C&M: What’s been the most challenging part of owning a business?
NL: I would say the most challenging part is really just making time for myself and taking time off, just turning my brain off and trying to step away from it. You almost get to the point where you’re addicted to [your business]. I can’t leave it alone even when I leave. I’m kind of a control freak so I have a hard time letting it go for a second. But I try hard to be present and try not to alienate my family and friends.
C&M: What does success look like for you? In what areas do you want to be better?
NL: I think success to me is being able to keep doing what I love, but also sustain my lifestyle. I don’t live some crazy life, but being able to keep my business open and trying to contribute to the community as well [is what I consider successful]. I’ve always wanted to be participating in things that are going on in Des Moines and have Preservation be a place the community can come to and hang out.
C&M: Who inspires you?
NL: I would say I’m pretty inspired by my family. My mom is an incredible person. She’s such a hard worker and she’s always a great mom. My stepdad is a farmer and is one of those people who would work hard and do anything for anyone but would never take any credit or expect anything for it. Both of my siblings are really hard workers too and just want to do nice things to help people.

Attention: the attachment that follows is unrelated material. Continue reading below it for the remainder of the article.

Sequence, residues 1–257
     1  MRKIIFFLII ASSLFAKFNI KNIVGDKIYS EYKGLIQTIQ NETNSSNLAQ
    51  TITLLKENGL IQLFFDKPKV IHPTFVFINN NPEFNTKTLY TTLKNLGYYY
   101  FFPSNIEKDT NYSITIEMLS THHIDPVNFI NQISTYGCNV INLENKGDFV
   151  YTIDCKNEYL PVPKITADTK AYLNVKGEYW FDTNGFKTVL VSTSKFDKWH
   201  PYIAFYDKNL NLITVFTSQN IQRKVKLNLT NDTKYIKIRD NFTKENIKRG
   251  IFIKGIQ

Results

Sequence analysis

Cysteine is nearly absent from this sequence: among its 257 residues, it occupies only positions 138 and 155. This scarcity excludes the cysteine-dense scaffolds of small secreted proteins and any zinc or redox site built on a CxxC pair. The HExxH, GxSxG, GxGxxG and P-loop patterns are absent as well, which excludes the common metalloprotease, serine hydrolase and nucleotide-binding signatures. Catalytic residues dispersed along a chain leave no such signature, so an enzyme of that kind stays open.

I would also say I’m inspired by fellow business owners in the Des Moines area. When I was going to open the shop and had some questions I talked with Chrissy [Jensen of Domestica], Mike [Draper] from RAYGUN, Tami Stroh who at the time owned Stitch, and Jen Hansen from Eden. They all were so open and willing to answer questions. They were all really honest with me, which I thought was really cool.
Really, I find other women awesome who are pursuing their dreams and not worrying that it’s what everyone expects of them.
About Nicole Lorenson
Location: Des Moines, Iowa
Instagram: @shoppreservation / @studiopreservation
Megan Bannister is a freelance writer based in Des Moines and a regular contributor to Clay & Milk.